KENYA- Global commodity trader Cargill is seeking certification as a warehouse receipt operator, becoming the first foreign multinational to put in the request after the Kenyan Parliament passed the Warehouse Receipt System (WRS) Act.
Through the Ministry of Trade, the government of Kenya recently partnered with the International Finance Corporation (IFC) and the Kingdom of the Netherlands to launch a warehouse receipt system project aimed at reducing post-harvest losses in the country.
The signed agreement between the International Finance Corporation (IFC) and the Trade Ministry involves a US$2.3 million (Sh304.8 million) funding scheme to mobilize private sector investment in the Warehouse Receipt System (WRS).
According to Business Daily Africa, WRSC chairperson Jane Ngige revealed that Cargill has applied with the Board of Trustees of the Certified Warehouse System (WRS) to set up agricultural commodity bonded warehouses.
“Since the IFC announcement, we have seen a lot of interest coming up, especially from India. Cargill is one of the firms whose application is being processed,” said Jane Ngige.
This investment aligns with Cargill’s goal to nourish the world safely, responsibly, and sustainably.
The investment comes at a time when Kenya has been experiencing an acute maize shortage due to drought and disruption of global grain supply chains by geopolitical issues.
According to the Ministry of Agriculture, Kenya needs about 12 million bags of maize annually to close the consumption needs gap that has been widening over the past years of declined maize harvests.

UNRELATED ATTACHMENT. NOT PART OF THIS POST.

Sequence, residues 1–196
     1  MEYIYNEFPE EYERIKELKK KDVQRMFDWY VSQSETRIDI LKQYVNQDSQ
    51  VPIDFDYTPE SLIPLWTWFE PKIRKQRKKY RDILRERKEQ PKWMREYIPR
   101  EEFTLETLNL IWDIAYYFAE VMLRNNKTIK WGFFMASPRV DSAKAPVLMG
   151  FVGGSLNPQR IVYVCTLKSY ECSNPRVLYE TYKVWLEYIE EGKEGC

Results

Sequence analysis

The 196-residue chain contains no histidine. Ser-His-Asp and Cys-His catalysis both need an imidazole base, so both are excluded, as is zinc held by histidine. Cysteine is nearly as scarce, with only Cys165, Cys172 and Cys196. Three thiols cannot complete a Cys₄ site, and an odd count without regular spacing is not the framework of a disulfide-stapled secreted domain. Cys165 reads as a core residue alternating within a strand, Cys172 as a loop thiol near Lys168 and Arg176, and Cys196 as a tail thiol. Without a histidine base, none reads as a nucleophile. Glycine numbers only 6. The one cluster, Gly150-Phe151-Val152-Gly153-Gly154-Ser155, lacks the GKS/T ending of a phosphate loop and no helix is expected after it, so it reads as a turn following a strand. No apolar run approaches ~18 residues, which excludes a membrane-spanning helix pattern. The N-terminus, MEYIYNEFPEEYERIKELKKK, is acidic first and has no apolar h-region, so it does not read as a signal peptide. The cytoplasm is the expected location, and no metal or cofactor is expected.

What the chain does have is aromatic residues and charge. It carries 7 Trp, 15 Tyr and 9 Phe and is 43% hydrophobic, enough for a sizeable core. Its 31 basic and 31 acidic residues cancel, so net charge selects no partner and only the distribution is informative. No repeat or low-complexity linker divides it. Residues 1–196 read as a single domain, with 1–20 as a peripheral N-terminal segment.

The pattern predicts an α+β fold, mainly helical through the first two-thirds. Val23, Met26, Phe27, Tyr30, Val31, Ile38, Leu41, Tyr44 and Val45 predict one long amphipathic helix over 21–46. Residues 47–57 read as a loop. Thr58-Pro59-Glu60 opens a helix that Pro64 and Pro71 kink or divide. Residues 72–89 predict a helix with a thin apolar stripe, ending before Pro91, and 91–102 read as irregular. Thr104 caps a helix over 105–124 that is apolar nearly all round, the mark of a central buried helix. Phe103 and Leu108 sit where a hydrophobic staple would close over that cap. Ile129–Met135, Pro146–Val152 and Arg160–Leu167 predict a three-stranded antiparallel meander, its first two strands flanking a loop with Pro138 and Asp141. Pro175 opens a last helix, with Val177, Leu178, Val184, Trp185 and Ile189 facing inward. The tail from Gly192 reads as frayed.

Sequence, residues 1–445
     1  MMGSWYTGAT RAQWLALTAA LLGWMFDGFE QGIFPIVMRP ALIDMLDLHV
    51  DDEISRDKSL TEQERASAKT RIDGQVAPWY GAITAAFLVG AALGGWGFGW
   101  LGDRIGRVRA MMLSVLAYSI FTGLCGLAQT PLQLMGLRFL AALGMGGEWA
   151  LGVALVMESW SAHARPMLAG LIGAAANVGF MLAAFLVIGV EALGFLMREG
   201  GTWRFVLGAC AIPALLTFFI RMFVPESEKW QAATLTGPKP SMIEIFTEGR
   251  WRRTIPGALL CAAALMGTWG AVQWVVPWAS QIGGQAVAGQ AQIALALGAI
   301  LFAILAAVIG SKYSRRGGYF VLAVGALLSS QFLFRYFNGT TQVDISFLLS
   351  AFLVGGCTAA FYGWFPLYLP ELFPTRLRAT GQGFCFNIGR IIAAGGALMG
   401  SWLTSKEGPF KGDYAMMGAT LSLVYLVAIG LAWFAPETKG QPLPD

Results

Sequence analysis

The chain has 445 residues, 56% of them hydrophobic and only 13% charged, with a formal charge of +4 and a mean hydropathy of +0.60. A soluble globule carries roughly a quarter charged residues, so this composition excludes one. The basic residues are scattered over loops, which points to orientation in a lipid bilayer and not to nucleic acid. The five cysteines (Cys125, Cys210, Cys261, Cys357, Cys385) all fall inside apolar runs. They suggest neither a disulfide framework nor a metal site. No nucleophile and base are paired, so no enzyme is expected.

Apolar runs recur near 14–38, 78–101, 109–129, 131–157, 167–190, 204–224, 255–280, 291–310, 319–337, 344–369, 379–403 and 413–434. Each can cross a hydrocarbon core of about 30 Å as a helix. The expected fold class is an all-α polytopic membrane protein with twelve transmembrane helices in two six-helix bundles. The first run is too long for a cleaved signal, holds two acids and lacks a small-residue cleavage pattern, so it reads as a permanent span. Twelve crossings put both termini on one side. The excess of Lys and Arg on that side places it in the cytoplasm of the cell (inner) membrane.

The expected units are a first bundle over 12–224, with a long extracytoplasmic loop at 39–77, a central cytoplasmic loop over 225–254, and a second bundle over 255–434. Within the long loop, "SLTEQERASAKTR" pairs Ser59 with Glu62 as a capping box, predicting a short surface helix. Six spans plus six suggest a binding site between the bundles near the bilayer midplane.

While there is an acute maize shortage in the country, a lot more maize falls to poor post-harvest grain handling, worsening an already precarious situation. Data from the Ministry of Agriculture provides that the country loses approximately 30% of its crop this way.
Additionally, farmers usually have to sell their commodities at low prices immediately after harvest due to a lack of proper storage facilities.
Under the warehouse receipting system, farmers can deposit their products in certified warehouses, and receive a receipt that they can use to access credit as they await the sale of their produce at a favorable time and price.
Moreover, the certified warehouses are instrumental in ensuring the quality of the grain stored at the warehouses is at par with industry standards.
This will, in turn, attract large-volume buyers who often offer better prices than buyers at local markets due to the quality and quantity of products guaranteed by certified warehouses.
A recent report by the USDA predicts that maize production will increase in the 2023/24 market year to 3.2 million tonnes, up from a previous estimate of 2.9 million tonnes in 2022-23, as farmers respond to high crop prices by planting more.